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Hansen way ahead in contributions
POULSBO — State House candidate James Olsen has consistently made an issue of contributions to Rep. Drew Hansen’s campaign by out-of-state lawyers, decrying the influence of “special interests” in the election.
“Special interests rob you and I of our voice,” Olsen said at a candidates forum July 16 at Poulsbo City Hall.
By comparison, Olsen said he’s received contributions from “salt of the earth, 23rd District people.”
Hansen far outpaces Olsen and Henning Larsen in campaign donations. As of mid-July, Hansen reported $161,034.08 in campaign contributions and $36,259 in campaign expenses. Olsen reported receiving $6,230 and Larsen reported less than $5,000.
Hansen is unapologetic, saying he’s blessed with a successful law practice with colleagues in other states who want to contribute to his campaign.
His individual contributors include professors, teachers, writers, and retirees; he’s also received contributions from unions representing inland boatmen, service workers, Teamsters and teachers.
Of the 143 lawyers that contributed to his campaign, 90 are lawyers with Susman Godfrey, of which Hansen is a partner. Susman Godfrey specializes in commercial litigation and has offices in Seattle, Los Angeles, Dallas, Houston and New York.
Hansen’s largest contribution was for $900 — there were 18 of those, from donors as diverse as the Teamsters, the Campaign for Tribal Self-Reliance, a colleague at his law firm, a teacher and a Los Angeles housewife.
Olsen reported contributions of $6,230 and expenses of $3,061. His largest contribution was $3,000 from the Kitsap County Republican Central Committee.
Larsen filed a form with the state stating that he would raise no more than $5,000. He said he has raised “a few thousand,” with most contributions ranging from $20 to $40. He received one contribution for $500, he said.
While Olsen said special interests can be “corrosive” in the political system, he’s not opposed to the U.S. Supreme Court’s ruling in Citizens United vs. Federal Election Commission. The 2010 ruling held that the First Amendment prohibited government from restricting independent political expenditures by corporations and unions.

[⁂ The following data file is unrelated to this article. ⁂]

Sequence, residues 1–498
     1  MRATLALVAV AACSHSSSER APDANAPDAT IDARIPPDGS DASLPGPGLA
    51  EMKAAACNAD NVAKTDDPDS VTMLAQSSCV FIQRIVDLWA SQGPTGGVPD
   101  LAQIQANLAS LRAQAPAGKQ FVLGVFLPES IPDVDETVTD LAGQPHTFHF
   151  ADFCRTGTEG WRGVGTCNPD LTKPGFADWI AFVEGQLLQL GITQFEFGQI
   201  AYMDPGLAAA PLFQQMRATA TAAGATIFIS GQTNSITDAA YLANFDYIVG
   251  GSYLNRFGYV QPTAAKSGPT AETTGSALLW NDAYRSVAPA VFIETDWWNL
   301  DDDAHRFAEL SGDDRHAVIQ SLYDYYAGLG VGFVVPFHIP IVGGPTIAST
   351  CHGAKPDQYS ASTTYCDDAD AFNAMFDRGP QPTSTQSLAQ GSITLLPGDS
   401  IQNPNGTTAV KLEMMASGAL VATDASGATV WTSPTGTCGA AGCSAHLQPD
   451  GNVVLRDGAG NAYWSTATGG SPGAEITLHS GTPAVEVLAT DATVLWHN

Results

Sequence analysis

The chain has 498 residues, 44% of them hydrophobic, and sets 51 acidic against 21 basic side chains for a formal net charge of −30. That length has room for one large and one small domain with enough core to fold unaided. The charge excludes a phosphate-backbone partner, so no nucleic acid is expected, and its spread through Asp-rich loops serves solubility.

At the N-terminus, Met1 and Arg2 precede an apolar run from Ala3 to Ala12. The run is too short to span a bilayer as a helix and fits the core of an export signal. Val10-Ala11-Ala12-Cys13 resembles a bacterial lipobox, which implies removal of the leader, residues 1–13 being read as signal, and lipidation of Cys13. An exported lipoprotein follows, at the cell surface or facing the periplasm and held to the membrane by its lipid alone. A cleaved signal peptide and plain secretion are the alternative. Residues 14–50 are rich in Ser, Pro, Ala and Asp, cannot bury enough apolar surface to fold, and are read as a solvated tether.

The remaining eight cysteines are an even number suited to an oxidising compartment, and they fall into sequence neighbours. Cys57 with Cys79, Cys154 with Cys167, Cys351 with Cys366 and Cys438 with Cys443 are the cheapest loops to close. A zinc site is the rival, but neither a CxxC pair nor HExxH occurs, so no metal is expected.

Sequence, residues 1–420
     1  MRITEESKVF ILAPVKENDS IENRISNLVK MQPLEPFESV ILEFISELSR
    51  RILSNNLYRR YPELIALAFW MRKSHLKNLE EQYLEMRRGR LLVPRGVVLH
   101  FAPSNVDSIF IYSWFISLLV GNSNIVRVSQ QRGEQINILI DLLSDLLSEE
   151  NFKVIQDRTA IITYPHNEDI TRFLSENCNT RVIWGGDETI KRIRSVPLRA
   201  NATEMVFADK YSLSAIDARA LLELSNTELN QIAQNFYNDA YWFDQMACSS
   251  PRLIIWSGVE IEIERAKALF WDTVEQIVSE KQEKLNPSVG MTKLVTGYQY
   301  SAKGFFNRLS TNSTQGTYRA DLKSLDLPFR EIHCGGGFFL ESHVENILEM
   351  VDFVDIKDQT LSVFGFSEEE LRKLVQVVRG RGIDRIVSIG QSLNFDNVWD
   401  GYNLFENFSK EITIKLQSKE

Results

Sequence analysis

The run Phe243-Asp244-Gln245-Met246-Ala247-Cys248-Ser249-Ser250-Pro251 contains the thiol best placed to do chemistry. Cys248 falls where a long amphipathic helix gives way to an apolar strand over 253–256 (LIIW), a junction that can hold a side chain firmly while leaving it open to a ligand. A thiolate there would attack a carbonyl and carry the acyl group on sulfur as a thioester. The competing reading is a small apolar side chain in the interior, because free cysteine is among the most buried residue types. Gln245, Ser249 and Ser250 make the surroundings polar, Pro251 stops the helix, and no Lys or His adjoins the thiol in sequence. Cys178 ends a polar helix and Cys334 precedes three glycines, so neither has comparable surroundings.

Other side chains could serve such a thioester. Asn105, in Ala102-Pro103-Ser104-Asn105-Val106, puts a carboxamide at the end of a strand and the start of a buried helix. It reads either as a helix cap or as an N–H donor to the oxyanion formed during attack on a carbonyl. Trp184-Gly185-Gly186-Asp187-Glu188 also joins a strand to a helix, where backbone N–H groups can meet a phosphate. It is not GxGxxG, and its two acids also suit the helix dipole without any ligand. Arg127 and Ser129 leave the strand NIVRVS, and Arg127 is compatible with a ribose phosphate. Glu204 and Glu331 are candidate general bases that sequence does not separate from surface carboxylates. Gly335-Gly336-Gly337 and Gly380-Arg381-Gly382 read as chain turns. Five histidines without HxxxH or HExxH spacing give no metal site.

At the July 16 forum, Hansen and Larsen said the ruling is unfair because it gives more speech to those who have more money.
“It was a disaster in practical terms,” Hansen said. “The Supreme Court took the wrong turn.”
Hansen, author of a best-selling book on the civil-rights movement, was appointed by the Kitsap County Commission to the state House last year after Christine Rolfes advanced to the state Senate.
Olsen is a retired Coast Guard captain and small-business owner.
Larsen, a political newcomer, is a poker room supervisor and tournament director at Suquamish Clearwater Casino Resort.
All three candidates say they are able to reach across the aisle, work with others and reach compromise.
Olsen said he’s a consensus builder and knows how to work with people — skills honed in 30 years as a Coast Guard officer who had eight commands in his career.
Hansen said he sponsored legislation that had wide bipartisanship support. “I established a record in Olympia and I want to build on it,” he said.
Larsen said that if you put aside wedge issues, all legislators want the same thing: The best for their constituents. “If you want solutions, I’m going to work with you any way possible,” he said.
The two top vote-getters in the Aug. 7 primary advance to the Nov. 6 general election. Members of the state House serve two-year terms and receive $42,106 a year and benefits offered state employees.